The Magic of Light


It may seem redundant to talk about the importance of light to creating emotional appeal in a photograph. After all, photography is all about light. But how the light is used is what distinguishes between a good photo and an extraordinary one. For example any one of the three major elements in the image, below, without the others would not have the emotional impact. Add in either the stream of light or the smaller window and the image would be stonger, but the juxtaposition of the large and small light sources and the spreading light across the rich wood floor makes the sum of the whole even stronger.

The juxtaposition of the large and small light sources 
make this image more interesting than the simple - yet 
still interesting - image of the window and its spreading light.


Other Approaches Using the Same Subject
Light and form and the juxtaposition of these themes are the principle aspects of the image above; though color is also arguably an important aspect of the image from the warm browns in the floor to the cooler blues and greens of the window light.

But how else could the same subject be utilized to create a different work of art that embraced other virtues or at least emphasized other aspects? The two images below provide some insight into this. These images were created using the very same arch window - making it the singular form within the image. To capture a different vision, the subject remained essentially the same, while the composition and treatment of the image was changed.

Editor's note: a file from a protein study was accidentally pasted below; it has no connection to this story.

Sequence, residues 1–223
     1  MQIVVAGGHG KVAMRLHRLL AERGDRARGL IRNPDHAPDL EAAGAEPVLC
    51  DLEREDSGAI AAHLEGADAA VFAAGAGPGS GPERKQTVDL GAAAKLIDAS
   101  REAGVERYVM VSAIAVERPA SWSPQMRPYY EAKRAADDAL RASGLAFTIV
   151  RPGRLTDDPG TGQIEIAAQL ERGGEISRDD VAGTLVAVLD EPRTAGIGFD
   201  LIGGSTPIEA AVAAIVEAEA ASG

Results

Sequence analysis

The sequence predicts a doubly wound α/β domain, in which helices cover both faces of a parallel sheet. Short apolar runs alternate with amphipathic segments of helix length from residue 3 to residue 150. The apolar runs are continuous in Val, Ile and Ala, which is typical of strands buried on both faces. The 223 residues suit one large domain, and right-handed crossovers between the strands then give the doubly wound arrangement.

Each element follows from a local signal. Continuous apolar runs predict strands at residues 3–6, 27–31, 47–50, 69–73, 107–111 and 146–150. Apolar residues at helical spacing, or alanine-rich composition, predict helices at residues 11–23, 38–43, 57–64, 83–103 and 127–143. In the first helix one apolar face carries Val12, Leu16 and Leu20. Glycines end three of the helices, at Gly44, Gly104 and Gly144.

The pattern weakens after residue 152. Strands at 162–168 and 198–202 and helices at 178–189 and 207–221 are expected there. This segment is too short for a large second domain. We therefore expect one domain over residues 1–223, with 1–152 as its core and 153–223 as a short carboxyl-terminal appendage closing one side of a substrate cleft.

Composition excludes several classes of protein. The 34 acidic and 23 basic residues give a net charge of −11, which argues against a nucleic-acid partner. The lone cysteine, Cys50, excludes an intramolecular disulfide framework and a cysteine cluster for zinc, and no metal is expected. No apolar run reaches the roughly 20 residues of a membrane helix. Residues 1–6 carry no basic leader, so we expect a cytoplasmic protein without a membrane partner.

The images below provide two different compositional view of the subject. Each was then converted to a black and white image, printed on watercolor paper and painted using watercolors to provide two unique pieces that were then scanned to created an archived image.



Arched window with pink curtain




Arched Window with blue curtain, this image places 
less emphasis on the negative space.

Each image stands alone as an individual work of art, despite the fact that the original photographs were all captured in a period of about 30 minutes.

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